Nick Bilton for the Times’ Bits blog:
What struck me about our brief conversation wasn’t that Mr. Cook was talking about two teensy buttons — this is Apple, after all — but that he never once mentioned the technology in the iPad Mini. Instead, he talked about one thing: design.
To this day, I’m not actually sure how many megahertz my iPad operates on. And frankly, I don’t care about the technology inside the technology anymore. It just works — for the most part — and therefore consumers no longer need to think about it.
There’s also Nathan Bashaw’s article, “Designer Eats Engineer”:
Two great articles on why design isn’t just veneer: it’s the way things work. The holdouts are finally beginning to understand that. Consider Steven Sinofsky’s “snark-free” observations from CES:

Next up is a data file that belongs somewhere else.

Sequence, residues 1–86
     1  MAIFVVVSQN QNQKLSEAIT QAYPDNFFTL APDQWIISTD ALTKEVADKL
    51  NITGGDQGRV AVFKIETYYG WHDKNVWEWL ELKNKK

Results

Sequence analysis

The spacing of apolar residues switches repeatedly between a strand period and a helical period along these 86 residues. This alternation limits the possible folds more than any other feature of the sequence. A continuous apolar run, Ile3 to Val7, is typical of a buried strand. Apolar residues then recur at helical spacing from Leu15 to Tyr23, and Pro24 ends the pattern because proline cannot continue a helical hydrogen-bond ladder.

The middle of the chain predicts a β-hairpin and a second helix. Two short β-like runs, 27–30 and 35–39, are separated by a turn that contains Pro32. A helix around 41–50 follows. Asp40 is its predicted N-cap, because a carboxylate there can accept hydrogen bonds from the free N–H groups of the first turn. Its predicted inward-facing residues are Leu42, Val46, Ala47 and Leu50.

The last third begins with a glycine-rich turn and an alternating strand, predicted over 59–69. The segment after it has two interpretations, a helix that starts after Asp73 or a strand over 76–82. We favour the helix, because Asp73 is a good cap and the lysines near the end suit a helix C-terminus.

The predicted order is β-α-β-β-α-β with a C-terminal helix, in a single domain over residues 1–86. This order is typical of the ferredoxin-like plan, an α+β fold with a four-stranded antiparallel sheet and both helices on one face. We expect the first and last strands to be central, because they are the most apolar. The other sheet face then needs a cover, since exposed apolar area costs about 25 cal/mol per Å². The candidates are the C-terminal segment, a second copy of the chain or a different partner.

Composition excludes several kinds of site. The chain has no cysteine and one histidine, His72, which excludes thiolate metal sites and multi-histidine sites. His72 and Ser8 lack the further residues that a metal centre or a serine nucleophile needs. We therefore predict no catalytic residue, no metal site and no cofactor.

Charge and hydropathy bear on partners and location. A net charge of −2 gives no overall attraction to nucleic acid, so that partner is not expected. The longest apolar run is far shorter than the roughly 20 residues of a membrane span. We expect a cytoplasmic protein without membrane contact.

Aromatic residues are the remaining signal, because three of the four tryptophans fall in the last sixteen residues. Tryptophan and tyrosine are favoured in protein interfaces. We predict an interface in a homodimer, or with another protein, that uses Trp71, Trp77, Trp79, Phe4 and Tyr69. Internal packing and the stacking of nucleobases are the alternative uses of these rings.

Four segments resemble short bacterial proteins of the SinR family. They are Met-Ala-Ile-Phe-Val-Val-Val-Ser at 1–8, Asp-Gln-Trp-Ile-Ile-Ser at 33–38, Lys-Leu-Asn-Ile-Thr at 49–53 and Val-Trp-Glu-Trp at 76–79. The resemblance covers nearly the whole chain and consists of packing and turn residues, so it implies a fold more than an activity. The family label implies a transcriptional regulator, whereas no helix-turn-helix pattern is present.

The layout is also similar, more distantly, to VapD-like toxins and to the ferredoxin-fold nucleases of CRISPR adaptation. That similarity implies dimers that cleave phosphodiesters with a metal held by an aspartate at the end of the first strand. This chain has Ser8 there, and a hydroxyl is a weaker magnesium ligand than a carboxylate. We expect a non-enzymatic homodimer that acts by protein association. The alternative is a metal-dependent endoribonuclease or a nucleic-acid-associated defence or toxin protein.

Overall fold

The design language in use for both hardware and software is trending towards a clarity and minimalism — turning over the screen to the app and the customer. There’s a lot less glowing and translucency. Navigation is clearer. Touch gestures are assumed on any device and often are not readily apparent (that is designers are assuming you will figure out how to touch and tap to make stuff happen). And the use of the full screen for the task at hand is clearly dominant. Rather than gain “speed” or “power” via multitasking by arranging, widgets, picture in picture, and so on, the focus is on moving quickly between task-oriented screens.
If this all sounds familiar, that’s because it’s what designers who know their shit have been preaching for ages. (By the way, I’m ignoring the contradiction between the “clearer navigation” and hidden gestures sentences, for the sake of brevity.)